The white gunman accused of a racist rampage at a Buffalo supermarket planned to commit the murder, the police commissioner said on Monday, as officers viewed the massacre of black people as a possible hate crime or an act of domestic terrorism. examined.
Buffalo Police Commissioner Joseph Gramaglia told Nation World News that the gunman, who crossed the state to target Topps Friendly Market, where he killed 10 people, had also spoken of shooting another store.
“He was about to get in his car and continue to drive down Jefferson Avenue and keep doing the same thing,” the commissioner said.
Their description was similar to a racist 180-page document allegedly written by Peyton Gendron, which stated that the attack was intended to terrorize all non-white, non-Christian people and make them leave the country. was to be received. Federal officials were still working to confirm the document’s authenticity.
Saturday’s bloodbath in Buffalo was the deadliest of the weekend’s shootings, which also involved a California church and a Texas flea market.
Gendron, 18, drove 200 miles (320 kilometers) from his home in Conklin, New York, to Buffalo, police said.
Law enforcement officers revealed Sunday that New York State Police personnel were called to Gendron’s High School last June for a report that the then 17-year-old had made threatening statements.
The revelations raised questions as to whether his encounters with police and the mental health system were yet another opportunity to place a potential mass shooter under closer law enforcement scrutiny, seek his help, or ensure that he did not have access to guns. Is.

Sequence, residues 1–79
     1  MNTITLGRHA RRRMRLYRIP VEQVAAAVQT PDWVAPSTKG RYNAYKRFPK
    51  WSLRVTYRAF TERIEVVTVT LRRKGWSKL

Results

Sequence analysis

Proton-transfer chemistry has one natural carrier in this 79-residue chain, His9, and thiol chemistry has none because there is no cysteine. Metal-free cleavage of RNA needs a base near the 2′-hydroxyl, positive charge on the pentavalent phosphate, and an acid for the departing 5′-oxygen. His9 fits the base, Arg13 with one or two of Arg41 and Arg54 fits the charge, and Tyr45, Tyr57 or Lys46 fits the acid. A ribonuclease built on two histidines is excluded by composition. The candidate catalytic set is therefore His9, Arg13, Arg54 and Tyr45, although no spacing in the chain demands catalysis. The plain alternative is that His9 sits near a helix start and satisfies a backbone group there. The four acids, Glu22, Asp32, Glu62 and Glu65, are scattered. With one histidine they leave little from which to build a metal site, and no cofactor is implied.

A law enforcement officer said on condition of anonymity that Gendron had threatened to shoot her around graduation at Susquehanna Valley High School in Conklin. Officials were not authorized to speak publicly about the investigation.
Gramaglia said Gendron had no further contact with law enforcement after the mental health assessment, which kept him in the hospital for a day and a half.
“Nobody called. Nobody complained,” said Gramaglia. The threat was “general” in nature, he said, and not related to the breed.
New York is one of several states that have enacted “red flag” laws in recent years to prevent mass shootings by identifying people who indicate they are a danger to themselves or others. can.
Those laws allow law enforcement officers, a person’s family, or in some cases medical professionals or school officials to petition a court to temporarily confiscate the person’s guns or to prevent the person from purchasing the weapon.
Federal law prohibits people from owning guns if a judge has determined they have a “mental defect” or have been forced into a mental institution. Evaluation alone will not inhibit.
It is unclear whether officials could have implemented a “red flag” regulation after the high school incident. Police and prosecutors would not provide details on the incident or say when Gendron purchased the weapons used in the deadly attack.